Here DAF means Dilution Attenuation Factor which is the same thing as NAF or Natural Attenuation Factor.

The following values may be assumed:

There is no first order decay of the COC, i.e., l = 0 for all COC.

Groundwater source term width S_{w} = 300 ft (based on the case
study)

Groundwater source term depth S_{d} = 10 ft

Based on EPA's land disposal regulations the following relationships can be used to estimate the groundwater dispersivities:

Longitudinal dispersivity a_{x} =
0.1* (distance to the point of exposure) m

Transverse dispersivity a_{y} = 0.33a_{x}
(m)

Vertical dispersivity a_{z} = 0.05a_{x}
(m)

**2. Risk of Inhalation of Vapors from Groundwater
Through Soil in a Building.**

Looking at the indoor air inhalation exposure pathway, suppose a house is planned to be constructed on at the case study site in the vicinity of MW 5. This location is away from soil sources and is in the proposed new residential area.

a. Calculate the vapor phase concentration of benzene and naphthalene just above the water table in the vicinity of MW 5 using Henry's law. The groundwater concentration data are given in the attached table.

b. The steady state long term concentration in indoor air at the house must meet the following RBEL (or if you prefer, RBSL) for residential indoor air inhalation:

COC |
RBEL Concentration (mg/m^{3}) |

Benzene | 3.2e-01 |

Naphthalene | 290 |

Using the TNRCC NAF algorithms, or others if you prefer, please document your calculation method, what are the appropriate PCL (or if you prefer source area SSTL) for each of the COC in groundwater in the vicinity of MW 5? Are the current measured concentrations in groundwater at MW 5 above the calculated PCL values?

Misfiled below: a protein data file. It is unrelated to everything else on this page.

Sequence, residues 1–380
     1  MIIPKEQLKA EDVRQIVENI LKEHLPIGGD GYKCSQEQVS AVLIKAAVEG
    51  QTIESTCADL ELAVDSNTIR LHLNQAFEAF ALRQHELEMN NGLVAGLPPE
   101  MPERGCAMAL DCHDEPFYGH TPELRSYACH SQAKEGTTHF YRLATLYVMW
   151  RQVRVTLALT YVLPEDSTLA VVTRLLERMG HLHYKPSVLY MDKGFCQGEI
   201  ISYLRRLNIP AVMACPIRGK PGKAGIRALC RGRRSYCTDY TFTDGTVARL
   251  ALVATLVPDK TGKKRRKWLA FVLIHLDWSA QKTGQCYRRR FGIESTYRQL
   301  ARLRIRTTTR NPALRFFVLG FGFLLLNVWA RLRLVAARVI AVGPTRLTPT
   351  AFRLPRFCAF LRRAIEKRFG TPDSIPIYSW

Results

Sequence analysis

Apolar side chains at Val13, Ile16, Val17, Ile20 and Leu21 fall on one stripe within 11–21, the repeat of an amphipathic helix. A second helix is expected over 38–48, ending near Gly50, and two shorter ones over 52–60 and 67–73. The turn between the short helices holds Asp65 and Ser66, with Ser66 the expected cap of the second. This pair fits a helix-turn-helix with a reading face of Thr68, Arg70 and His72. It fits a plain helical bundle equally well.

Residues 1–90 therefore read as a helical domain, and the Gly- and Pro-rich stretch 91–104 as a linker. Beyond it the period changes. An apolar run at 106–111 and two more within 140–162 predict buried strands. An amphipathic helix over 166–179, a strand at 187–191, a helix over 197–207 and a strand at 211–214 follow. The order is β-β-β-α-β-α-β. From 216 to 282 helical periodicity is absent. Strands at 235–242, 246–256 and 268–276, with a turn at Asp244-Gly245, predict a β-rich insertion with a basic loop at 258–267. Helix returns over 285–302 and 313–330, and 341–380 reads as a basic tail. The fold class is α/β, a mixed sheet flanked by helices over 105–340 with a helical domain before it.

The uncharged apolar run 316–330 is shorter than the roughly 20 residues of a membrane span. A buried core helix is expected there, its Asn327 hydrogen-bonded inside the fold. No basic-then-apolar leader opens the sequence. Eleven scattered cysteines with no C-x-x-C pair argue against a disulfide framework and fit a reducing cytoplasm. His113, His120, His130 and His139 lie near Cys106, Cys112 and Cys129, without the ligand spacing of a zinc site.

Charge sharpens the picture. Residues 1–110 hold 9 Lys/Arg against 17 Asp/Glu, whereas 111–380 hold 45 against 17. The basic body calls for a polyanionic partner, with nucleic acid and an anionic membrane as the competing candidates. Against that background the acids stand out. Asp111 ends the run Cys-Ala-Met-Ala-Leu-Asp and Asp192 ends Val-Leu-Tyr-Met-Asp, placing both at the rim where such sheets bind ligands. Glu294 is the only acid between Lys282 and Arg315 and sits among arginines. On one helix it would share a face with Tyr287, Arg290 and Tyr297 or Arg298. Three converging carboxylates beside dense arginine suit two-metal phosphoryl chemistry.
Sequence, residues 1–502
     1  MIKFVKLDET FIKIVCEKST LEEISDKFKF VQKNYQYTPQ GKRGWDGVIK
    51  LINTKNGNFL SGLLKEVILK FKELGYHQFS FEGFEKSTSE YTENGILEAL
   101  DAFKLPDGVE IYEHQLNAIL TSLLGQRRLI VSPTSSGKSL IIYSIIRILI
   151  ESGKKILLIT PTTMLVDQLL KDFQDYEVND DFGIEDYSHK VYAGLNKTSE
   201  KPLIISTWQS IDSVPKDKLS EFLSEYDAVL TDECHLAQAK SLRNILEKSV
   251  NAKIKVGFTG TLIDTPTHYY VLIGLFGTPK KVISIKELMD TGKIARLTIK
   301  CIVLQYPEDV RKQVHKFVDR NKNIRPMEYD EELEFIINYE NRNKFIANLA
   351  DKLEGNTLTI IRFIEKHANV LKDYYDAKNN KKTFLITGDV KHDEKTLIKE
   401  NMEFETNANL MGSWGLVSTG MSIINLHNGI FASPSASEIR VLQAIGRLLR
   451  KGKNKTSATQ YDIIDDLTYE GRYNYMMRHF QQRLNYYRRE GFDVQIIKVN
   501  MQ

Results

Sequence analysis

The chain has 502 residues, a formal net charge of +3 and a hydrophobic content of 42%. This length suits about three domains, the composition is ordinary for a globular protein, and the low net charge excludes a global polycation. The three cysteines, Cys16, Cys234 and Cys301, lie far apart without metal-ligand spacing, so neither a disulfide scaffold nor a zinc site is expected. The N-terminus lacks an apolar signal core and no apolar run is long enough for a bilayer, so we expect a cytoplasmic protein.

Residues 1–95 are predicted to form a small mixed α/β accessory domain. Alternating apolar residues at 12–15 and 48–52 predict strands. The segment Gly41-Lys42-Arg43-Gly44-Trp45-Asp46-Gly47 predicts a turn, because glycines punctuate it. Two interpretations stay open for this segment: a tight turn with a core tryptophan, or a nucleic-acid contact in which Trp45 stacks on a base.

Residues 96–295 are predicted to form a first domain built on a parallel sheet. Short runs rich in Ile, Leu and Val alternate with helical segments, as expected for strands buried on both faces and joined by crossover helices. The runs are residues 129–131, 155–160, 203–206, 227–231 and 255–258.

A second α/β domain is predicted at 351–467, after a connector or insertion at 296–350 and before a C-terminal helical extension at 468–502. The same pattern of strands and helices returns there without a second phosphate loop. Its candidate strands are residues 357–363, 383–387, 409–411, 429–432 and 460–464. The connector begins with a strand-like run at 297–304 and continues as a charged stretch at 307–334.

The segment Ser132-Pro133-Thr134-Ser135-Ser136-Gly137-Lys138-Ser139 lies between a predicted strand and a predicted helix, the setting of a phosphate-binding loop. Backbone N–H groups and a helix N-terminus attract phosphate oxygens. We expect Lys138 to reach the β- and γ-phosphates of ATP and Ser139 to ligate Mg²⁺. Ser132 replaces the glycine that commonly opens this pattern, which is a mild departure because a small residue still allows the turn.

First compare the vapor concentrations calculated in part a above, if the vapor concentrations immediately above the water table are lower than the vapor RBEL, then the current concentrations in groundwater are acceptable and the rest of the calculation is not necessary.

PCL = RBEL* NAF

**PCL = RBEL *1/(Equation CM-6:VF _{wesp})**

The following values can be assumed:

For building parameters use default values given in the TNRCC manual page 6-56.

For effective diffusivity values use equations presented on page 6-55.

Diffusion coefficients in air and water given in TNRCC Table VII

L_{gw} = 8 ft = 244 cm (this depth is from the bottom of the
basement to the top of the groundwater table, with an 8 foot basement and
a depth to groundwater of 16 feet, the L_{gw} = 8 ft)

h_{cap} = 5 cm

h_{v} = 239 cm

q_{T} = 0.48 (for the purpose of
this problem, we are assuming that the soil in the vadose zone is homogeneous,
even though two soil types have been identified in the case study, we have
chosen this value to be the representative soil porosity for the vadose
zone soils)

q_{acrack} = 0.25

q_{wcrack} = q_{T}
- q_{acrack}

q_{acap} = 0.044

q_{wcap} = q_{T}
- q_{acap}

q_{as} = 0.25

q_{ws} = q_{T}
- q_{as}

**3. Computation of Risk Based Exposure Limits**

Calculate soil ingestion RBELs (or RBSLs, if you prefer) for naphthalene and trichloroethylene for a construction worker involved in the redevelopment of the case study site and for a child resident. Exposure factors from the BP RBDP guidance document (Table A3.1) should be used for the construction worker and exposure factors from the TNRCC guidance (Table 6.6) for the child. Toxicity values from the TNRCC Table VI should be used.

At the case study site ten COC have been detected in groundwater. Nine
of the chemicals (excluding benzene) have reference dose values for quantifying
non-carcinogenic effects. First calculate the residential groundwater ingestion
PCLs (these would be at a source area so the PCL = RBEL) assuming that
the groundwater well is used for drinking water only. Use the TNRCC tables
for input values. If for each COC the HQ is set equal to 1 for the PCL,
then we are not explicitly accounting for cumulative effects. (Implicitly
in the conservative values being used for the calculations we are providing
a factor of safety that address the potential cumulative effects, see TNRCC
guidance Appendix I Section 3). If we assume that the PCL adjustment method
presented by TNRCC, see section 6.3.2 , is appropriate, but because of
the sensitivity of the case study site the regulatory agency wants to see
the HI = 1, not 10 as TNRCC specifies (*this is often the case*),
how would you go about implementing the adjustment method? What would your
adjusted PCL values be?

Go to Class Home Page